Why do we do this? Why do we ride motorcycles on long trips, freezing, sweating, sleeping on the ground? And think we're doing something that makes us feel alive and...happy?
Why do we get philosophical over something that amounts to a big vacation?
I do know that for almost 45 years I've had the dream...to be goin' down that long lonesome highway
, on two wheels, carrying what I need to live from day to day. Up until a couple months ago, the closest I've come was a one night trip from home into the Sierra and back. Had a great time, but it wasn't easy to arrange everything so that I could just disappear, by myself.
Well, sometimes things do just work out...
My son graduated from college last June and found a job he really enjoys, working as a guide for the Santa Barbara Adventure Company.
One nice benefit is that while they work very hard during the spring, fall and summer, there isn't much guiding to be done during winter so the guides are able to travel and explore on their own during the cold months.
I have evolved my work into a business that I allows me some freedom of scheduling and it didn't take much discussion before the idea of a motorcycling trip came bubbling up, strangely enough spearheaded by my patient and loving wife. I think she figured that she'd worry too much if I was touring by myself, and she'd worry too much if our son was traveling by himself, but together we'd be safer. She's pretty smart.
So, where to go, in the winter? There's only one answer--south.
I started planning, learning about Baja, talking to Adam--one of SBACo's guides who has traveled in Baja, and BigDog (Mark Sampson) who published the tracks and a video of his trip there, and began making lists of gear and the multitude of things to do. I think I fall somewhere in the middle of the spectrum between planning every mile of every day of a trip, and just filling up the tank and heading out. First on the list was for my son to get a dualsport. He found what seemed a Baja-worthy ride--a 2007 DR650 with 4800 miles with a 5 gal IMS tank and a skid plate, seemingly well-cared for--and I have my well-loved WR250R for the trip. Son has ridden the WRR it a few times but just didn't think a little 250 was going to be enough for him, and the power of the DR had him pretty pleased. Anyway, while dealing with the usual Christmas holiday extravaganza around our house we somehow managed to get ready for what we hoped would be a 6 week mostly off-road tour of Baja, with the possibility of extending into mainland Mexico and even beyond...Guatemala...Ushuaia, quien sabe?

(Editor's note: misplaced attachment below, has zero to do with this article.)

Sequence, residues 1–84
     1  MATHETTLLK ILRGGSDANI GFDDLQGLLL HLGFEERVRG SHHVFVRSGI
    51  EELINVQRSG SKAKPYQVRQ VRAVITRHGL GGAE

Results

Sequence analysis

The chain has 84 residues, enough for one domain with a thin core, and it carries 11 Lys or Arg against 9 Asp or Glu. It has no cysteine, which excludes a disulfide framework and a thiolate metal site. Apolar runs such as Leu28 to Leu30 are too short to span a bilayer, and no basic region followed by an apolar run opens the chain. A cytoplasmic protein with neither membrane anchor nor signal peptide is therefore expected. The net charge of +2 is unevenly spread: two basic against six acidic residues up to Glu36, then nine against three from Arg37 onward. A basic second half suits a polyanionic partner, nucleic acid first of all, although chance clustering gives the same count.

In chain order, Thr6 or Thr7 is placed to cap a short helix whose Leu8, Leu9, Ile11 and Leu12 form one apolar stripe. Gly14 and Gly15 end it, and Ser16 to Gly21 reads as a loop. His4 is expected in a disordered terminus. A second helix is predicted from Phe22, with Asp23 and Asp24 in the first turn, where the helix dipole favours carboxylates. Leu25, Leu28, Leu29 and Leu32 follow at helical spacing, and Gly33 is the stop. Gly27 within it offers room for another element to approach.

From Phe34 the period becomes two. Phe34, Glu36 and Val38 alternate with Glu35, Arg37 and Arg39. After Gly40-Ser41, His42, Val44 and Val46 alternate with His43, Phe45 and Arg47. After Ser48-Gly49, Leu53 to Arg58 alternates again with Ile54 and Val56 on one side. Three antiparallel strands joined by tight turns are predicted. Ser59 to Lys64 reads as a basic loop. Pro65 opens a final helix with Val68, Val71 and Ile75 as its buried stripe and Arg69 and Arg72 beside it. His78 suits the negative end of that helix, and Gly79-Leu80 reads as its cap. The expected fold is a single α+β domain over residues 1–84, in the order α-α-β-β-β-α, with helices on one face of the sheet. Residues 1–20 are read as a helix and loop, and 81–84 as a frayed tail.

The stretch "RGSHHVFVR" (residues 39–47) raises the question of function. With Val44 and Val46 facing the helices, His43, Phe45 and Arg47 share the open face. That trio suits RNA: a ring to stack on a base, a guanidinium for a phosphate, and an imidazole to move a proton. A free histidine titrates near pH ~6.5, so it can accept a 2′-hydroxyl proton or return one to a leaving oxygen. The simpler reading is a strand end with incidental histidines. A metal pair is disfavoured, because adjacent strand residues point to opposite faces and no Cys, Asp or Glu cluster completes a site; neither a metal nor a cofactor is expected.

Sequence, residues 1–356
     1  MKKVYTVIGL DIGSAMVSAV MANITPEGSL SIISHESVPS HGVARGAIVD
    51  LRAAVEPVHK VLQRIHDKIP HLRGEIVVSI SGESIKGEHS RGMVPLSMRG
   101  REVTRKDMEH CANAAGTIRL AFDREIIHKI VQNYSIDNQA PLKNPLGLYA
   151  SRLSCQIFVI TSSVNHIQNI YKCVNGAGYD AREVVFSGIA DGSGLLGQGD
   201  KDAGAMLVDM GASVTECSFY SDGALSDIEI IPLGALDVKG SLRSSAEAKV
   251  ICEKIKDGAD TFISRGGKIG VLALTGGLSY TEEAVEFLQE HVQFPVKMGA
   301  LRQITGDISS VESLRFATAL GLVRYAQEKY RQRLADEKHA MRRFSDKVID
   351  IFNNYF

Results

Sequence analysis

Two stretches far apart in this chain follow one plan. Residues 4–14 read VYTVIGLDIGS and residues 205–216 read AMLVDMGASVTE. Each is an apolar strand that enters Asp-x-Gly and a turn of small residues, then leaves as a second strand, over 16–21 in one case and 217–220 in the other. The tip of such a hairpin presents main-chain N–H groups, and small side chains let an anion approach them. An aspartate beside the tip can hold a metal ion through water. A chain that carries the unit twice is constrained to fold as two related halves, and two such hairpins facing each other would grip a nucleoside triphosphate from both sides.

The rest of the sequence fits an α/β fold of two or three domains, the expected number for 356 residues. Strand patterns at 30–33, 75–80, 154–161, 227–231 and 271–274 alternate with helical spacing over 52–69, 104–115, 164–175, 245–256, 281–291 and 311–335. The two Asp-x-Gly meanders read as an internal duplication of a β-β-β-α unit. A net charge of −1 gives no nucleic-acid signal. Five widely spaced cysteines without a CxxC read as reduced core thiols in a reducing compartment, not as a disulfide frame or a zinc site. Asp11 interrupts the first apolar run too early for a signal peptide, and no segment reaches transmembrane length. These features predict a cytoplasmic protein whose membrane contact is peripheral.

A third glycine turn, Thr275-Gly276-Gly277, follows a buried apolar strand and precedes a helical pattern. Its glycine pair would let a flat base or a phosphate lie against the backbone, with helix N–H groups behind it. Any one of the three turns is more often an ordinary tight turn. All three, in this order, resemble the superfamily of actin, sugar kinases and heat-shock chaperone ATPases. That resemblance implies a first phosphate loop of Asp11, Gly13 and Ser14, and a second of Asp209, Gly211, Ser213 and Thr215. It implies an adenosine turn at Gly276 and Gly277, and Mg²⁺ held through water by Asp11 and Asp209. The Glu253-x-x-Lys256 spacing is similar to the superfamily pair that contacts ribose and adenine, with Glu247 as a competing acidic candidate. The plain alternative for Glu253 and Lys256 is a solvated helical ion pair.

Why off-road? My son grew up riding off-road motorcycles, and we both love it. Pavement is fine, but there's just something about riding off-road that commands all your senses and focus, it just makes me feel alive in the best sense. That's was really our only goal in this trip; the destinations weren't important, it's mostly about riding, and seeing what we find.
Once the Christmas celebration was over we were dealing with some last minute stuff, and looking for a decent weather window for our departure. The winter had started off pretty wet but the rains had lessened, leaving us with some dry but cold days in the forecast for December 31. We got packed up on the 30th